‘Although there was no express provision in the statutes on the subject (the statute provided merely that ‘An appeal is taken by filing with the clerk of the court in which the judgment * * * is entered, a notice stating the appeal from the same * * *’ (Code Civ.Proc. § 940)), it has been held or stated that a notice of appeal in order to be effective must be signed by the appellant's attorney of record if the party appeared by an attorney. [Citations.] But it has ben intimated that it need not be signed by the attorney of record, and that a new attorney may sign such notice. [Citation.] And slight circumstances are sufficient to constitute a waiver of the objection [citation] such as acknowledgment of receipt of service of notice of appeal. See, cases, 2 Cal.Jur. 319, 320. The doubtful soundness of the rule, as indicated by the facility with which it could be waived, was undoubtedly considered and the matter set at rest by the New Rules on Appeal which abrogate it. Rule 1(a) of the New Rules on Appeal provides: ‘The notice [notice of appeal] shall be signed by the appellant or by his attorney and shall be sufficient if it states in substance that the appellant appeals from a specified judgment or a particular part thereof. A notice of appeal shall be liberally construed in favor of its sufficiency.’ [Emphasis added.] Nothing is said therein about ‘attorney of record,’ a phrase of recognized meaning. The words, ‘his attorney,’ must mean the appellant's attorney, whether he appears as such of record or not. The case of Jackson v. Jackson, supra, [71 Cal.App.2d 837, 163 P.2d 780] is contrary to that view but it failed to give effect to the above quoted rule of the New Rules on Appeal and is disapproved.'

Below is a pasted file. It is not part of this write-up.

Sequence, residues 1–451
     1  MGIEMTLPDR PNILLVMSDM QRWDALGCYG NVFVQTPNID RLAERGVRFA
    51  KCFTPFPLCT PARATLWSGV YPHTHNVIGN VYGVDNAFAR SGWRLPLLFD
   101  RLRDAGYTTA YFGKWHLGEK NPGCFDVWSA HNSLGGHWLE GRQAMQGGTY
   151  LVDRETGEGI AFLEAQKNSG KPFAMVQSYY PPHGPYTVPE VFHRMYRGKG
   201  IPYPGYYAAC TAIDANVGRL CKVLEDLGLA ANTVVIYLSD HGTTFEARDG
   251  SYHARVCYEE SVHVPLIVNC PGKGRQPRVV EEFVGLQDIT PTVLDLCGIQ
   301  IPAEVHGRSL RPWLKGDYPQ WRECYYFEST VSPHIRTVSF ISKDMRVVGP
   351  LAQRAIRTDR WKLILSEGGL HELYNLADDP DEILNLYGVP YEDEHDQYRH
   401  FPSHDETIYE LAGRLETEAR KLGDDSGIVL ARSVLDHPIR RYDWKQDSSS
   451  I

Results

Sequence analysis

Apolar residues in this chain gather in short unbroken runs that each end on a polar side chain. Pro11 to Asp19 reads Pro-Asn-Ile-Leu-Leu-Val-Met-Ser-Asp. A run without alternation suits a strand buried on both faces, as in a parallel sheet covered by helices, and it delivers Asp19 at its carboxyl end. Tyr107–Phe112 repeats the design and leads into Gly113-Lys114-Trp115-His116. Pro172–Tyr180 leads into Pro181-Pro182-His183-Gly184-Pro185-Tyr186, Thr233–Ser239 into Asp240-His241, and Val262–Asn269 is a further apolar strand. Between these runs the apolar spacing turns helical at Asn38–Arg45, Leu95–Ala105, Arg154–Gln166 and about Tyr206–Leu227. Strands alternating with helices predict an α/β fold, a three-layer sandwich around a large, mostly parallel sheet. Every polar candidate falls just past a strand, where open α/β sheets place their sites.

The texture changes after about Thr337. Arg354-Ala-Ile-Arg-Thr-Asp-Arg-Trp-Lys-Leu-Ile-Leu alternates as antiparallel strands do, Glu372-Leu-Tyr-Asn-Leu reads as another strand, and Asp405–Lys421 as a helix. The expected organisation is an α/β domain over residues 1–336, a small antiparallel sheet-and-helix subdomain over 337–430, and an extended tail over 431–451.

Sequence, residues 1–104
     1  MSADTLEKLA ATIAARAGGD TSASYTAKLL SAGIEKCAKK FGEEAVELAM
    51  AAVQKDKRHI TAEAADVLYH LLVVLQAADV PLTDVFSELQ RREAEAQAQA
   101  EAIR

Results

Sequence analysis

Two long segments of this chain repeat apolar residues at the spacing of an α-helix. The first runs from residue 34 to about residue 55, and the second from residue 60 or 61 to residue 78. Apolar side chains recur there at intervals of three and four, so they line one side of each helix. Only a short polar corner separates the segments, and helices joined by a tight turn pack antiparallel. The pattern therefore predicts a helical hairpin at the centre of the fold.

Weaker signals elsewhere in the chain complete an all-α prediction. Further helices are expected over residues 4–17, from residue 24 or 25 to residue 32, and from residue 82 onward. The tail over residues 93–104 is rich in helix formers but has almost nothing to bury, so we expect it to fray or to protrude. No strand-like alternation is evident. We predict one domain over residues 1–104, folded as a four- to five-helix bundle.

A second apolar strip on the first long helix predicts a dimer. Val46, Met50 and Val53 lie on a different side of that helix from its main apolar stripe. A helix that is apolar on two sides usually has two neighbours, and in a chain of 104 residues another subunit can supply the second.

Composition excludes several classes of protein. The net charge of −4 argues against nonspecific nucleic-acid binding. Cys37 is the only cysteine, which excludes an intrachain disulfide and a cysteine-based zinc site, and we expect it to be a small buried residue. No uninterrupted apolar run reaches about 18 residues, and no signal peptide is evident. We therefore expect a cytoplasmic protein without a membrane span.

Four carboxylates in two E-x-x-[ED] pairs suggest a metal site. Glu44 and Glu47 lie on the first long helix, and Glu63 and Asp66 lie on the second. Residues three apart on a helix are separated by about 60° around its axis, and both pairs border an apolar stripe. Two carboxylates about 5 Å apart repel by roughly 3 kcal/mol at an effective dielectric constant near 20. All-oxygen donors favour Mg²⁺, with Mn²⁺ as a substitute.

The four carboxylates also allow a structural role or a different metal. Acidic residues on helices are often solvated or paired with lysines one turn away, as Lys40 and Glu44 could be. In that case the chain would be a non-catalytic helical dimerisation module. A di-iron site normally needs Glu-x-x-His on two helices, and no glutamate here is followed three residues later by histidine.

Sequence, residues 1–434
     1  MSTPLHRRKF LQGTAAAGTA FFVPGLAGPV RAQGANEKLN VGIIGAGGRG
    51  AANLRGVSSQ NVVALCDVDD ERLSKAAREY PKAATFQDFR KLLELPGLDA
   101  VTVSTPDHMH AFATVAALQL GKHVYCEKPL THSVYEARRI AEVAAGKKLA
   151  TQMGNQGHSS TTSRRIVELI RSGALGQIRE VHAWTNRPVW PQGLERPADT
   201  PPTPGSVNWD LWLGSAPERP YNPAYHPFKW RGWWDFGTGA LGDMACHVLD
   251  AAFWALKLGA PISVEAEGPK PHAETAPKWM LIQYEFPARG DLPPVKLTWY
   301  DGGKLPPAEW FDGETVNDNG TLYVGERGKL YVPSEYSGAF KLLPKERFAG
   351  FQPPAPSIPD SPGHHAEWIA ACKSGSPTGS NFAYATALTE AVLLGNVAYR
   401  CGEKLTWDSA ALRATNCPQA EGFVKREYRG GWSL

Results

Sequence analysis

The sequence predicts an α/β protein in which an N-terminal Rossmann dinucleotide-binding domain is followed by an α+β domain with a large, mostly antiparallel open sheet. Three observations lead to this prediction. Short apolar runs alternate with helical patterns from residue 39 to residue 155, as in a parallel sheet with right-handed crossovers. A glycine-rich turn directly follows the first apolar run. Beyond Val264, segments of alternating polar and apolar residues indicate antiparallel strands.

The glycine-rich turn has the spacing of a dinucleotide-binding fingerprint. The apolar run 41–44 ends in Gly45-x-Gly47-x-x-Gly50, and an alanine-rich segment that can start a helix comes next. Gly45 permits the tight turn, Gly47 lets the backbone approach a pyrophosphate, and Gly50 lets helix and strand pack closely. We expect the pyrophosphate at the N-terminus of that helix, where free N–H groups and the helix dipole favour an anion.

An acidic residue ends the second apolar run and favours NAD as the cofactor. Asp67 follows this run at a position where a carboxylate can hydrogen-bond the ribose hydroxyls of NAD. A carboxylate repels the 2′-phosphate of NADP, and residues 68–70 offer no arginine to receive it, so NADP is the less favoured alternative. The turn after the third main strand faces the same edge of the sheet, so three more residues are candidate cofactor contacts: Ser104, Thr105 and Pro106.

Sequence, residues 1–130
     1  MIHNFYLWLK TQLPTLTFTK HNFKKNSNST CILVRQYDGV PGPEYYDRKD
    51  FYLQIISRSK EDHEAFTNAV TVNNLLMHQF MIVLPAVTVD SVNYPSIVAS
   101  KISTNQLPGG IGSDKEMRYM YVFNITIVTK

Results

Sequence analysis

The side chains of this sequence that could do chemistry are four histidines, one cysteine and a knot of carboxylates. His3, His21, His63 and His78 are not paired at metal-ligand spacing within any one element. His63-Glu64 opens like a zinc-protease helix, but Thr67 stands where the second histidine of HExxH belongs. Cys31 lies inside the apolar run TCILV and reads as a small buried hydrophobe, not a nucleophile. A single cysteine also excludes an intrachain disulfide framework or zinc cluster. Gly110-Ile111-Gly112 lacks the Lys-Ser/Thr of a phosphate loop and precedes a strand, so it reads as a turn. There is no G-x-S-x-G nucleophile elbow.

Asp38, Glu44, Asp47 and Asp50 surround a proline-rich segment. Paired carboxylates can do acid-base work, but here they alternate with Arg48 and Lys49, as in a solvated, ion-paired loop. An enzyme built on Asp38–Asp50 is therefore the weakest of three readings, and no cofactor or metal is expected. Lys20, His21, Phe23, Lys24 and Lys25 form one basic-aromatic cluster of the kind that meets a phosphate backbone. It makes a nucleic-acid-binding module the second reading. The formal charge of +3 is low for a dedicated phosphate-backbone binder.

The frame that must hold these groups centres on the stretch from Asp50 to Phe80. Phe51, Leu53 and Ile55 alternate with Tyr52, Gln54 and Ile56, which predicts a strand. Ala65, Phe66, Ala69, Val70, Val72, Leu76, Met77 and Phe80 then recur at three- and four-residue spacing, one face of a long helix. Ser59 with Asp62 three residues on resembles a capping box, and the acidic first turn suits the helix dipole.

Therefore, for the purpose of this appeal, Mr. Carter must be recognized as the attorney for plaintiffs and he should perfect his later substitution of attorneys by serving a copy on the attorneys for the defendants.